Oftentimes, we’re told to ignore 52-week-lows on the idea that stocks making new lows will continue to make new lows.
We’re told, “Never buy a stock hitting a 52-week low…”
“Stocks in downtrends tend to stay in downtrends…”
“It’s too risky… It’s not safe…”
“Any stock hitting a 52-week low will always be weak…”
Or, “nothing is more destructive to amateur investors than thinking that a stock trading near a 52-week low is a good buy…”
But that’s not true. In fact, it’s laughable.
The truth of the matter is that such lows can highlight great opportunity.
Look at Nike (NKE) for example.
In recent days, it fell in sympathy with Under Armour’s warning of slower growth.
But the sell-off has gotten way out of hand.
It’s now down about 20% on the year on fears of slowing sector growth.
However, there are reasons to believe the pullback is creating a strong long-term opportunity for patient investors. We must remember that earnings are still solid. In fact, during the quarter ending September 2016, revenue was up 8% year over year.
What drove the stock down was fear of crushing levels of inventory.
Granted, the company did end the quarter with $123 billion in future orders for delivery from September 2016 to September 2017.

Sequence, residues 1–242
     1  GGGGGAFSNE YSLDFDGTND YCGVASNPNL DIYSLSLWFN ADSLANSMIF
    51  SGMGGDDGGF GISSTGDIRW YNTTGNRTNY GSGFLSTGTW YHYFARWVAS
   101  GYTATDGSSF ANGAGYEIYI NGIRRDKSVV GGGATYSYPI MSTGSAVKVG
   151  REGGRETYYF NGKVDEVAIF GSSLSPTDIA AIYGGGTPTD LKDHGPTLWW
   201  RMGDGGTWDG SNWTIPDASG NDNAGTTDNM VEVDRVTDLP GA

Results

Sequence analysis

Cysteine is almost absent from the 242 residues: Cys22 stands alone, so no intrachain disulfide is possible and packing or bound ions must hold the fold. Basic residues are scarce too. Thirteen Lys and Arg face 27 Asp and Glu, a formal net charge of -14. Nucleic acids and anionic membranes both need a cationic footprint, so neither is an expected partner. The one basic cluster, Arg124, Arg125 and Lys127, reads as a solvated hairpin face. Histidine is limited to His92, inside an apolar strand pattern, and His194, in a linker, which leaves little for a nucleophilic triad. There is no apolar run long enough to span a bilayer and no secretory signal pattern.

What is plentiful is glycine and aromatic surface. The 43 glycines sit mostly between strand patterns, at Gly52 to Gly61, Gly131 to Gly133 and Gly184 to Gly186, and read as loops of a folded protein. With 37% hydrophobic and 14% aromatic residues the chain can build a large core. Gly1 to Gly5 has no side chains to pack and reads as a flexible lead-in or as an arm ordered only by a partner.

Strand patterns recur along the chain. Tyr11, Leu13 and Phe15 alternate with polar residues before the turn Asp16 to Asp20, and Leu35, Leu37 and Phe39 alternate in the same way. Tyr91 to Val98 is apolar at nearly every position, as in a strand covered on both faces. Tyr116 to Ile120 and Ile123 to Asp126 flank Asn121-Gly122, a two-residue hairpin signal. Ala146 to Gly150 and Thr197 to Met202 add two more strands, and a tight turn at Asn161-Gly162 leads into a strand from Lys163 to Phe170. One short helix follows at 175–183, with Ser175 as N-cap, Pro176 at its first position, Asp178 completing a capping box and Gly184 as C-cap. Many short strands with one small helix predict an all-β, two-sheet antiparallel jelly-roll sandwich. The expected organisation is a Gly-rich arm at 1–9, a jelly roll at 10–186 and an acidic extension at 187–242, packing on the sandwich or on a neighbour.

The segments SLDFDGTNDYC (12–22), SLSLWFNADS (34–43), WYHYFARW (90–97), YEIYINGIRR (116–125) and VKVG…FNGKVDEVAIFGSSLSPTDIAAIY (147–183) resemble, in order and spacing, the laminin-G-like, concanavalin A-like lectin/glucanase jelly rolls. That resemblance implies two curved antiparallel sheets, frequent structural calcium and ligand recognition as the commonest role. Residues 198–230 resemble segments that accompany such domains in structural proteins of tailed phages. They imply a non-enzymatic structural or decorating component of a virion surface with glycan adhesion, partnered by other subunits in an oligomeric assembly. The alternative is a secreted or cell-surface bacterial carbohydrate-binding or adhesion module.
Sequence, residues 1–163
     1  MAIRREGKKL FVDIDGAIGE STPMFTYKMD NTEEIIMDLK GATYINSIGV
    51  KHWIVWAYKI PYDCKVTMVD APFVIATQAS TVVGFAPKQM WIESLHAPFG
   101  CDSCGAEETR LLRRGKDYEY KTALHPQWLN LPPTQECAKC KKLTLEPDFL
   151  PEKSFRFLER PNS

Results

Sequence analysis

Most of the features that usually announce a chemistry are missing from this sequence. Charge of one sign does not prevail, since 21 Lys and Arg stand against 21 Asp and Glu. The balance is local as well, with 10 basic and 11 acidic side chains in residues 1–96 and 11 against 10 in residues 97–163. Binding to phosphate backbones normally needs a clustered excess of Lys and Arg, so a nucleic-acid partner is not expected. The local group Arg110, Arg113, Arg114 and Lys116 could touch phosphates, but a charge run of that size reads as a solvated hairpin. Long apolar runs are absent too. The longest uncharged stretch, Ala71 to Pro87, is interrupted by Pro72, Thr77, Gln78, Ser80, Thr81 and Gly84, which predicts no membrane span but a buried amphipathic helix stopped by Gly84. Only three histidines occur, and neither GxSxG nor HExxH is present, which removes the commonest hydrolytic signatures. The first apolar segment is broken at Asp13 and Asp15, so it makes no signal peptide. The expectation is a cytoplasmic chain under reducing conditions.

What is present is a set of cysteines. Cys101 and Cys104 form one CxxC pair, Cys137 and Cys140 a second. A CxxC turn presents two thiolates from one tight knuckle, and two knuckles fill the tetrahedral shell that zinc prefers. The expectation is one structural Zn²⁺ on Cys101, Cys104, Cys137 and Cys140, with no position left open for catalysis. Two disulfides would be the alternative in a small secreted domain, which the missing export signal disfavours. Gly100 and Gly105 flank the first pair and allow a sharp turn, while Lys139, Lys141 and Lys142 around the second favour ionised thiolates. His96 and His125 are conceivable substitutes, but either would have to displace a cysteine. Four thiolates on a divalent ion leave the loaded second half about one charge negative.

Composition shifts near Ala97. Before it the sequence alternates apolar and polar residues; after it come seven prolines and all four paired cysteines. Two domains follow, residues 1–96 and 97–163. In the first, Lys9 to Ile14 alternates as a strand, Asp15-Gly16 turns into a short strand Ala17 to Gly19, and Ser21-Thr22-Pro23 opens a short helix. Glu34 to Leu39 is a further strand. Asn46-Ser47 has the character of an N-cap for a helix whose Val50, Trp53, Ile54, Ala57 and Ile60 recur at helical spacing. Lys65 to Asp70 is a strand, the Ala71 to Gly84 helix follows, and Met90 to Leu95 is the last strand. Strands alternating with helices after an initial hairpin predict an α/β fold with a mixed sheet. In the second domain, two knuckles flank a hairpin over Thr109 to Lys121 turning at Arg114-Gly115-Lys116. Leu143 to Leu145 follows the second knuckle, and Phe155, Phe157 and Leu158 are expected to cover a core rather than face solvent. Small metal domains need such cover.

At first sight, that’s disastrous. But it’s nothing to get excited about or send a stock down 20% over. First of all, the company is digging its way out.
As Trevor Edwards Nike Brand President noted:
“We also made great progress against clearing excess inventory within the quarter and we’re seeing the benefit of bringing new product into the clean, full price in-line channels. Looking forward, we will continue to manage the flow of product into the market as we expand on an already healthy in-line marketplace.”
Second, the burden of future orders is significantly less impactful than it has been.
Last year, the company outlined a goal of reaching $50 billion in revenue by 2020, an increase on the top line of $20 billion from $30.6 billion in 2015. Half of that growth is expected to come from the direct-to-consumer (DTC) channel, which includes Nike's own stores and e-commerce as it expects DTC to grow from $6.6 billion in 2015 to $16 billion in 2020,” as pointed out by Motley Fool. “In other words, the burden on futures orders or wholesale to deliver growth will be significantly less than it has been in the past. E-commerce will be a key driver of that growth -- it is expected to reach $7 billion by that year.
Fundamentally, NKE trades at 19x forward earnings, which is far less expensive than that of Under Armour’s 44.11. NKE also has far better growth on the horizon that UA is currently warning about, as well.
Technically, NKE is severely undervalued, too, after catching support. Money Flow, MACD and RSI are all deep in oversold territory. I’d like to see a bounce to at least $56, near-term.
Trade it smart, though.
Remember, the markets are still greatly unorganized and highly volatile with the nearing elections, OPEC meeting, and the potential for a December rate hike.